• Doctor Who 12th #2.4 - Nice solutions to the problems, although I suspect there will be plenty of clean-up for UNIT to handle. The fish was a funny addition to the team. Overall, it was ok. Fun but not fantastic. With these kind of stories, you wonder just how the government/UNIT manages to keep the populace from going nuts. I think conspiracy theorists in the Doctor Who universe must be very busy.
  • Rough Riders #1 - Ah, the old "gather the team" issue, with another one coming, since I think we didn't get more than half the crew in the first one. Teddy is fun in this, but then, he was fun in real life. He hardly needs to be practically a Batman as well to make him awesome, but if anyone historically fits the role, he's a good one. This could be a really good book, or it could crash and burn, but I'm already thinking it's headed toward the really good side. Definitely one to watch.

Fortean Times #34
Fortean Times #34 (Winter 1981). A nice old-fashioned cover, which is a bit depressing in its possible racism, though I tend to read it a bit differently. The native to the area is smart enough to run while the European explorer is fascinated and soon to be eaten by the bear/ape/dinosaur/whatever... that's how I read it. The cover "story" is the official report of Dr Roy Mackal and James Powell of their trip into Impfondo, Republic of Congo, Africa, to determined whether or not stories of a fantastic beast from the area were myth or based on a real animal. Their conclusion was that there is some kind of real animal at the base of the stories, but many fantastical elements had been added in the retellings. They recommended another expedition as well as a highway between Impfondo and the village they visited, Epena, to make research easier as well as improve the lives of the locals. The highway seems to me to be something added in gratitude to the folks who helped them... a kind of "oh, by the way, these folks could use a highway" kind of thing. It makes me feel like the rest of the report is down-to-earth, but doesn't make me trust it any more than I would have. The conclusion is clear enough: like most strange animals, there's something there, but no one is really sure what. Local tradition held that talking about seeing the animal meant death, so that made it even harder to research. A good read.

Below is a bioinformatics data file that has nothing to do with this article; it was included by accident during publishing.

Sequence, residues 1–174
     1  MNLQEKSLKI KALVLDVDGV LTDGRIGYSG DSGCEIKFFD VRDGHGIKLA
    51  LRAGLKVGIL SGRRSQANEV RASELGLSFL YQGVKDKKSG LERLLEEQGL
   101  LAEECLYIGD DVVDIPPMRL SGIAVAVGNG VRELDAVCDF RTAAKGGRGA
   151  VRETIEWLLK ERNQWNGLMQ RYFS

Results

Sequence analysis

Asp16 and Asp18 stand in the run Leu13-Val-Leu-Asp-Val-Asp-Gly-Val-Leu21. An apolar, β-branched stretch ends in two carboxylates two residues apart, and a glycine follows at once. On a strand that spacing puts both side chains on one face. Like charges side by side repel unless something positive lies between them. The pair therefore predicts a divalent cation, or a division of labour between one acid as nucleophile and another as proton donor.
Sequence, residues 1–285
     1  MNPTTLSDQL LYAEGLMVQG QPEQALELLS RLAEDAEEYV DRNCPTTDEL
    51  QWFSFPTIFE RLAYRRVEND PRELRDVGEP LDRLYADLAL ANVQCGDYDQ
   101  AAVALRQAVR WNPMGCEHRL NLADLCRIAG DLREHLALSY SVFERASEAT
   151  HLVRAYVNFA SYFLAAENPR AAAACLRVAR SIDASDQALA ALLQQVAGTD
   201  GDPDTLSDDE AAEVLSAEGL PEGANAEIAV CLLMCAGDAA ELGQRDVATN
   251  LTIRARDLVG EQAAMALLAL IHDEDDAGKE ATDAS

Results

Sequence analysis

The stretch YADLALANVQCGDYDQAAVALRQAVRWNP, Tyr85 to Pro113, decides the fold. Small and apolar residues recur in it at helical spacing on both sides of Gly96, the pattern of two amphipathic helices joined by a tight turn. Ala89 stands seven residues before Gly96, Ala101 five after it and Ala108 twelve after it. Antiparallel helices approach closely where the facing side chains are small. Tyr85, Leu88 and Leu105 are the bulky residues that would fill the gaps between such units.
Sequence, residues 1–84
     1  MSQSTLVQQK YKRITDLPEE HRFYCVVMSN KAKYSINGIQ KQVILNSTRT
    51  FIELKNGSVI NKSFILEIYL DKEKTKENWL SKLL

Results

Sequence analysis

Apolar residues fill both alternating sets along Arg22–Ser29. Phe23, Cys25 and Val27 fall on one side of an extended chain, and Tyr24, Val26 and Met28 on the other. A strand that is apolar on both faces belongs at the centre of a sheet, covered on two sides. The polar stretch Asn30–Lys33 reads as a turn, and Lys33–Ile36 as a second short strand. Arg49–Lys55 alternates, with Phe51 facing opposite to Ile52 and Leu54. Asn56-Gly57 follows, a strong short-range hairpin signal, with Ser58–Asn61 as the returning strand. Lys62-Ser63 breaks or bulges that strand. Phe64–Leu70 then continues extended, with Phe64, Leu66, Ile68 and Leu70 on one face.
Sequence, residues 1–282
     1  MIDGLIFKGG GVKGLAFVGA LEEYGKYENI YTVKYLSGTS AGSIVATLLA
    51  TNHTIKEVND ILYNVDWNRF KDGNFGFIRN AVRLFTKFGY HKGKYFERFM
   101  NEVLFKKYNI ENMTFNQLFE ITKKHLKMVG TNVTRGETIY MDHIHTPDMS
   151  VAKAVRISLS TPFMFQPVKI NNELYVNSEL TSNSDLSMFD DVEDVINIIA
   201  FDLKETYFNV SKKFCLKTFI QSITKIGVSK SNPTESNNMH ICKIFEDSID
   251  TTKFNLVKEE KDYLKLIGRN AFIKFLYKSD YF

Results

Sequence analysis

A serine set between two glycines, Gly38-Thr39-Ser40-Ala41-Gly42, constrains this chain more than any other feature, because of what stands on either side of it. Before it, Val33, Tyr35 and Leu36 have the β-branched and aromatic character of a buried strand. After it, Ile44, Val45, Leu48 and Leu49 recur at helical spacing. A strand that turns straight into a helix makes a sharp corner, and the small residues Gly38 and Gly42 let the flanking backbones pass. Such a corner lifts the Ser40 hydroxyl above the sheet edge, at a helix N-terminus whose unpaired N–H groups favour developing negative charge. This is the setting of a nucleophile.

The editorial states that, as of this issue, there are 907 paid subscriptions and about 100 necessary freebies. To break even, the magazine needs to sell 1200 copies... Since the previous issue, 202 subscriptions had lapsed and not been renewed, while 113 new subscriptions had started. The editorial also says the entire staff is unpaid, voluntary and spare time labor, which makes it impossible to guarantee four issues a year, despite trying to be a quarterly. I can only imagine the struggles of putting out the magazine then. It was definitely a labor of love.